Taking advantage of connections to the county parks department, spring weather, and spring break, we tried a new program idea this spring. A Tree-mendous Mini Camp was held on two days in a local county park; we did a variety of tree-related activities, learning games, reading, crafting, and more. For two and a half hours each day on a Tuesday and Wednesday, we hosted a total of nearly 125 students, teachers, and parents to celebrate trees.
My library branch is in a community which includes two public school systems- a county system and a city system- as well as a number of parochial schools. While the county system was on spring break the week of the camp, the city schools had been on spring break the previous week. This worked out extremely well for us, as the entire 5th grade of one of the city schools used the opportunity for a field trip, arriving by school bus at the park for the program on Tuesday of the camp. They shared the experience with a few home school families, and with families enjoying their spring break. We had been worried about the weather on Tuesday, as it was cool and rainy. But with the field trip, attendance was great! Wednesday turned out to be a beautiful sunny day, which may have contributed to the crowd for that day. Some returned from Tuesday, but many on Wednesday were first time attendees. We chose the biggest shelter at the park for our location, which conveniently had restrooms attached (and also a source of both water and electricity) and a playground adjacent to it. Ample parking made the arrival of the bus easy, and gave us a hard surface for some of the activities, since the rainy weather made the grass wet and somewhat muddy.
We started the morning on Tuesday by creating a tree journal. The students created a folded lunch-bag journal, to which they attached photocopied tree journal pages. The pages included such things a space for leaf rubbings, bark rubbings, tree counts, drawings of tree observations, estimates of tree sizes, and more. The journals had ribbons attached for tying them closed, and the open end of the bag serves as a pocket for adding things to the journals at a later date. This activity was also repeated on Wednesday, for those who had not attended on Tuesday.
A variety of other tree-related activities took place over the course of the two days. The parks employee who co-hosted with me provided tree cookies- slices of tree branches- for each attendee to take home. We used these to talk about tree rings; what they are, how to make inferences about the life of the tree from them, and how to figure out the tree’s approximate age. We also had tree trunk slices on hand to study, and provided magnifying glasses for counting rings, studying scars and marks, and for scrutinizing the bark on each. The tree cookies and large trunk slice provided by the parks department were from branches and trees that came down in the park system in a recent storm; trunk slices I brought with me came from trees cleared at my library for an ongoing building project.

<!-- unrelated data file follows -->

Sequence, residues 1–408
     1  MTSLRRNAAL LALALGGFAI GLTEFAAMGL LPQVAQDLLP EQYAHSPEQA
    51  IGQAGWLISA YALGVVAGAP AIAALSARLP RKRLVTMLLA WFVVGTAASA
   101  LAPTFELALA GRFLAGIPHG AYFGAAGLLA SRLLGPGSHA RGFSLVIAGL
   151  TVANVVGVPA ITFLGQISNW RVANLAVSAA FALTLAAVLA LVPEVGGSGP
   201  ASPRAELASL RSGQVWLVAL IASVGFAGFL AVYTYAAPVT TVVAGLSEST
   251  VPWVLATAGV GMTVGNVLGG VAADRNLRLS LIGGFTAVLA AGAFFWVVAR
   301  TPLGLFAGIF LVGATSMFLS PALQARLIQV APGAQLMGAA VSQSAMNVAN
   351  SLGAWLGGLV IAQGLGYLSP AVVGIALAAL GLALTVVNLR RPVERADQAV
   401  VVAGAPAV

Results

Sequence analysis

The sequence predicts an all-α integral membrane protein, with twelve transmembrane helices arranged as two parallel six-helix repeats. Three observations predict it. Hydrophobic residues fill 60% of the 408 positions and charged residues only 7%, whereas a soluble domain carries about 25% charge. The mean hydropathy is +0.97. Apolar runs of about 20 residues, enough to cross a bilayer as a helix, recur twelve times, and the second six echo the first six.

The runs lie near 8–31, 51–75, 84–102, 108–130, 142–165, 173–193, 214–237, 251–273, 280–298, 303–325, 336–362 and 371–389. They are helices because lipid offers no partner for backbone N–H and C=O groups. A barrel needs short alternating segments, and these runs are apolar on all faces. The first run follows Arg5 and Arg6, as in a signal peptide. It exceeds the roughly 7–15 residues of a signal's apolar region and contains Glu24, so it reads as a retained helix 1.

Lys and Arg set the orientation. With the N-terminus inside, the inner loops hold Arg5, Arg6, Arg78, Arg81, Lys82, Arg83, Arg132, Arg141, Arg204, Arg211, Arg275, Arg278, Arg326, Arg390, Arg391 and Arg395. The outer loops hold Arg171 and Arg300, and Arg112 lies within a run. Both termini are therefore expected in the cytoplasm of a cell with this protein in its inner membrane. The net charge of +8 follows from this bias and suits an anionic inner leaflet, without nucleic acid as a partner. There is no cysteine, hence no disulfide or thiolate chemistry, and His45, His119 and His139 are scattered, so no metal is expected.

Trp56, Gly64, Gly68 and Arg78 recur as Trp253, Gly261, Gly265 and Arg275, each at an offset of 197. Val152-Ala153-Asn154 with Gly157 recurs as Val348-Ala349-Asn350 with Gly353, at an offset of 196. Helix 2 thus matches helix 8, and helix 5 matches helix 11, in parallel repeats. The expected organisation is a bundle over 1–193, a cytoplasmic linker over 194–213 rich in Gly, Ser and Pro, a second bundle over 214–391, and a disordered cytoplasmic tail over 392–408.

Topics included the life cycle of trees, why trees are important to us, some of the many things made from trees and tree materials, trees as habitats, tree identification, a tree variety relay race, and more. One activity provides a bunch of everyday items and students are asked to determine which come from trees or are made from trees. The trick is that all the items have tree materials in them… it’s surprising how many ordinary items come directly or indirectly from trees! A partial list can be found here: http://www.idahoforests.org/wood_you.htm
We also used the Tree Factory activity from Project Learning Tree to “build” trees from the inside out, using those in attendance as the parts of the trees. The activity we adapted from can be found here: https://www.plt.org/family-activity/tree-factory/ This particular activity we did both days. Those who attended both days enjoyed repeating the activity. It includes accurate vocabulary and scientific terms, as well as a lot of silly phrases and sounds. Kids and adults both have fun while learning with this activity!
On Wednesday, we started by making recycled paper from construction paper pulp. I had the kids tear up construction paper into small bits, explaining that ordinarily this is a project I would do with left-over paper scraps; paper and water went in to the blender to make paper pulp. We used this opportunity to briefly talk about how paper is made. The kids then used the pulp to design their own paper trees, which were set aside to do some drying while other activities took place. Instructions for paper making can be found here: http://www.paperslurry.com/2014/05/19/how-to-make-handmade-paper-from-recycled-materials/ Instead of dipping our screens in the slurry, we spooned it onto the screens to make shapes.
At the end of each day, time was included to allow for looking through the variety of tree-related books brought from the library. Information about upcoming Parks and Library programs was provided. Students were also given time to make additional leaf rubbings with the rubbing plates. By the end of the two days, we had accomplished a total of 8 different tree activities, learned many things about trees, and had a lot of fun!
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